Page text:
On June 13, 2022 at noon, one of our former board members, Shaykh Zak Deen Sheikh, told us about an amazing event he survived. He called it “A Glimpse into the Beyond”.
On Monday, May 9th at noon, one of our former board members, Dr. Marie Gervais, talked about her new book, “The Spirit of Work”, focusing on the framework religion provides for work, learning from sacred texts about healthy workplaces.
Our speaker this month was Pierre Rousseau, a professor at Faculte St. Jean who recently took his class to visit Temple Beth Ora, Edmonton’s Reform synagogue. We asked him to reflect on how that kind of in-person experience with people, traditions and houses of worship from a variety of faith traditions is important in building understanding and respect for diverse religious traditions. What other courses promote interfaith understanding? What are the students’ backgrounds and what is the impact of this program on them? What are the discussions like after a visit? Have you seen any long-lasting effect of their experiences visiting other churches/temples/synagogues, etc.?
The Canadian Multicultural Education Foundation, The Edmonton Interfaith Centre & The United Nations Association Canada (Edmonton) commemorated the United Nations International Day for the Elimination of Racial Discrimination on March 20th, 2022 at 2 p.m. over Zoom. We explored the question “Racism: what do we know and where do we go?” with panel participants: Charis Auger, Steven Camp, Satya Das & Salima Versi. World music provided by Dr. Michael Frishkopf
Kathy King (www.missingcara.ca) and Kate Quinn (www.ceasenow.org) provided a global overview of how different countries approach criminalization, legalization and the Equality Model. We addressed root causes of sexual exploitation and sex trafficking and the multiple impacts. This topic was very timely because the federal Justice Committee is hearing presentations in February – March about whether to remove all laws (total decriminalization) or to maintain Canada’s version of the Equality Model.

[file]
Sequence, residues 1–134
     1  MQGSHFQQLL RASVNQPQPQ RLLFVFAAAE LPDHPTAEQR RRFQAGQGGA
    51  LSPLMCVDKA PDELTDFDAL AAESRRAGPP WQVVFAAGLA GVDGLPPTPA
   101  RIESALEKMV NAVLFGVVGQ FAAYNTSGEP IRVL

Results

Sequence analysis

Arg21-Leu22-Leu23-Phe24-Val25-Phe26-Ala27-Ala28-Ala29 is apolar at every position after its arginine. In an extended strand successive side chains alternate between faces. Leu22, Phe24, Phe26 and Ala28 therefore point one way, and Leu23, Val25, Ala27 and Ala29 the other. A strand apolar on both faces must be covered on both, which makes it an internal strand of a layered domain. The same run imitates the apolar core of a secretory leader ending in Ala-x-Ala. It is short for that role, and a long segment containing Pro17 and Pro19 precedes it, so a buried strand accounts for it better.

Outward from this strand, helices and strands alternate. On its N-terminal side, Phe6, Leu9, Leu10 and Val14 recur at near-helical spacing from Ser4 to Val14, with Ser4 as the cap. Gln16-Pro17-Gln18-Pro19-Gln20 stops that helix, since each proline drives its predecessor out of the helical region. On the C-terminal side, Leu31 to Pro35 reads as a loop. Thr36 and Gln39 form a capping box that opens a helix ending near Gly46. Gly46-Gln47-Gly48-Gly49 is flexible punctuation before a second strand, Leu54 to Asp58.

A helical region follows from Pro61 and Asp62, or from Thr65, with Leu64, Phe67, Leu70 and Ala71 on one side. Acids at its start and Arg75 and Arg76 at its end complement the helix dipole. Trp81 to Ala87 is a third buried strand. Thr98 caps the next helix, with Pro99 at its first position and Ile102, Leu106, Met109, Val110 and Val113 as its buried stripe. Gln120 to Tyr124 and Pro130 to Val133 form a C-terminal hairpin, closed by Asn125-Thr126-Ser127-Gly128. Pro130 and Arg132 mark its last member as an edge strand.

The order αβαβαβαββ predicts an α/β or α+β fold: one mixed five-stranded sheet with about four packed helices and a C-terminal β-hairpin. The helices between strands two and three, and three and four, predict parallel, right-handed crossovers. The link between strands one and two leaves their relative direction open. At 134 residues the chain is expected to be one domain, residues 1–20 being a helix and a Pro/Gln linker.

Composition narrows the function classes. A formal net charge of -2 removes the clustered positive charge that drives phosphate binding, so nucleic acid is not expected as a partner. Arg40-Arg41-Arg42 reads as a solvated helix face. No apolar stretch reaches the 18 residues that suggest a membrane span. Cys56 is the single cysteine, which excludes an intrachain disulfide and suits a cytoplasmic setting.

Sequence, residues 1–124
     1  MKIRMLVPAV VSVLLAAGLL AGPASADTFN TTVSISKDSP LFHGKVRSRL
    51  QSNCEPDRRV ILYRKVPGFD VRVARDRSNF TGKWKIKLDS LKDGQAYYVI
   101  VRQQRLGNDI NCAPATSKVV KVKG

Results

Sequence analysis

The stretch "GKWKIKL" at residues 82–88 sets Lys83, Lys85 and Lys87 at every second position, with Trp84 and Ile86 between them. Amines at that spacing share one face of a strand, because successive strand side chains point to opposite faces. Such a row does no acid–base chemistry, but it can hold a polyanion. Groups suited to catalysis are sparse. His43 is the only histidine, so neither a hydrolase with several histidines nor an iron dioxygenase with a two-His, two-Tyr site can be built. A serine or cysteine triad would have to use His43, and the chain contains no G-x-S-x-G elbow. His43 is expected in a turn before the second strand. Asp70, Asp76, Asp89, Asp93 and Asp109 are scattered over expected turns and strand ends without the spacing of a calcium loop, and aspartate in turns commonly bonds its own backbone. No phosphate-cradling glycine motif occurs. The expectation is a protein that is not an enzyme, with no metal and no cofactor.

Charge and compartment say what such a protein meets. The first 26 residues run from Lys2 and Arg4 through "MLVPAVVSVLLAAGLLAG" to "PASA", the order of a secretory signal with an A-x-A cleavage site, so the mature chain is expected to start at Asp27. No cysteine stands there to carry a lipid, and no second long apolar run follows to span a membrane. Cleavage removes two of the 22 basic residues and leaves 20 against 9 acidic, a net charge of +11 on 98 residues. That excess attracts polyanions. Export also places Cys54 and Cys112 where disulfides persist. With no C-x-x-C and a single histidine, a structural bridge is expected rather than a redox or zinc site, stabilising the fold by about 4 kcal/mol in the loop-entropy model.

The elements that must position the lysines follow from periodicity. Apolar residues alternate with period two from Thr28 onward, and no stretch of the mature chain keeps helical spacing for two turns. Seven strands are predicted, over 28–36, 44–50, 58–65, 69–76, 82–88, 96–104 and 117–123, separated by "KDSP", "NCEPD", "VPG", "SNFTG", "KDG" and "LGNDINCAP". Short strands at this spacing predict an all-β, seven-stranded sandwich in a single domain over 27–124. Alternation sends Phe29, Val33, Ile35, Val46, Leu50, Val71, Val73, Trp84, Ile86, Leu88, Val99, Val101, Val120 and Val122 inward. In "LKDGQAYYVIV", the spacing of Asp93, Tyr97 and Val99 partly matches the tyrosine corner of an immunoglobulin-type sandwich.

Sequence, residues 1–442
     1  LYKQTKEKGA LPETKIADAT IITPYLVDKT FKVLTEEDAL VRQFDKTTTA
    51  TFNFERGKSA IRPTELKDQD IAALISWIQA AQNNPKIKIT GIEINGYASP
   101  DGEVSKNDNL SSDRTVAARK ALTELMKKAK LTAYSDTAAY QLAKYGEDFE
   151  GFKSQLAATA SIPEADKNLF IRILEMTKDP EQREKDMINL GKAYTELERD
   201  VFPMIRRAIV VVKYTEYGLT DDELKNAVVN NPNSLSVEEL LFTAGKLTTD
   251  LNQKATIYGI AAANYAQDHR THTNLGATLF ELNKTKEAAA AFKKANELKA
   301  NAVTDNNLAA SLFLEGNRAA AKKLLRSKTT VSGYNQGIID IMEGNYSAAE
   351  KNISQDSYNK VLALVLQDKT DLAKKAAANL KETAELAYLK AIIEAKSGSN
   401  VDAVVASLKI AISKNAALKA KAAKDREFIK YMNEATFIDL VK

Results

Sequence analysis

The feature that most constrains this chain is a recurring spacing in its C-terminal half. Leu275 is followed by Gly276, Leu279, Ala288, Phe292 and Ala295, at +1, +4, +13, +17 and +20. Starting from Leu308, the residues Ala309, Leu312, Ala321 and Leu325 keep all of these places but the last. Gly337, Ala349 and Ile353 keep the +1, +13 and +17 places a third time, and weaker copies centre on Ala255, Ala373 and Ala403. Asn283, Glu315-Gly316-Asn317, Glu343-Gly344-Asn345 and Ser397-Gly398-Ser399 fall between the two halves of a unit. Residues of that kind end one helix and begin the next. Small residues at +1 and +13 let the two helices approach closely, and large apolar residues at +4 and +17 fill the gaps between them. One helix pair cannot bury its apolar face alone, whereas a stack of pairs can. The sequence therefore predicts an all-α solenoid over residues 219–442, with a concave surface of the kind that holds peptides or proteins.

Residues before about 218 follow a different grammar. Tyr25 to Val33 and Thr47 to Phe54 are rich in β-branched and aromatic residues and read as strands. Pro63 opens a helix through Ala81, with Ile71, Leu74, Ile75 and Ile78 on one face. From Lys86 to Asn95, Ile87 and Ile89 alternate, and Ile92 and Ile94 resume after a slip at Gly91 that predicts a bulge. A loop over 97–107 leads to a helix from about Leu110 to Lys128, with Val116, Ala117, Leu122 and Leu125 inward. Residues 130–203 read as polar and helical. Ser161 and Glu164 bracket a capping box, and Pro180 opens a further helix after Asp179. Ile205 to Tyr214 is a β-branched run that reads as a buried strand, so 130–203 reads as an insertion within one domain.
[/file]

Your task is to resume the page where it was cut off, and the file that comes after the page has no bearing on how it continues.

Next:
On February 5, 2022, at 2:00 PM, as part of the 2022 Interfaith Harmony Week, we presented a poetry open mic on the subject “Spirituality and Poetry – The Big Questions”.
“Answers to the ‘big questions’ can only be answered satisfactorily by the seeker him/her self. However poetry written from the viewpoint of the seeker/soul can help all of us to find what is right for ourselves in our search for spiritual truth.”
Please check out the full schedule of IFHW events at interfaithyeg.org !
Mayor Amarjeet Sohi has declared World Interfaith Harmony Week in Edmonton:
As has the Council of Parkland County:
WHEREAS; respectful dialogue among people of different faiths enhances mutual understanding, harmony, and cooperation;
WHEREAS; the moral imperatives of all religions, convictions, and beliefs call for peace, tolerance, and mutual understanding;
WHEREAS; mutual understanding and inter-religious dialogue constitutes an important dimension of a culture of peace;
WHEREAS; people of goodwill can appreciate that the common values they hold far outweigh the differences they have, and this provides a strong bond for peace and harmony;
NOW, THEREFORE; the Council of Parkland County does hereby declare February 1st, 2022 to February 7th, 2022 as “World Interfaith Harmony Week” in Parkland County.
We would like to thank these municipalities for their commitment to promoting interfaith harmony.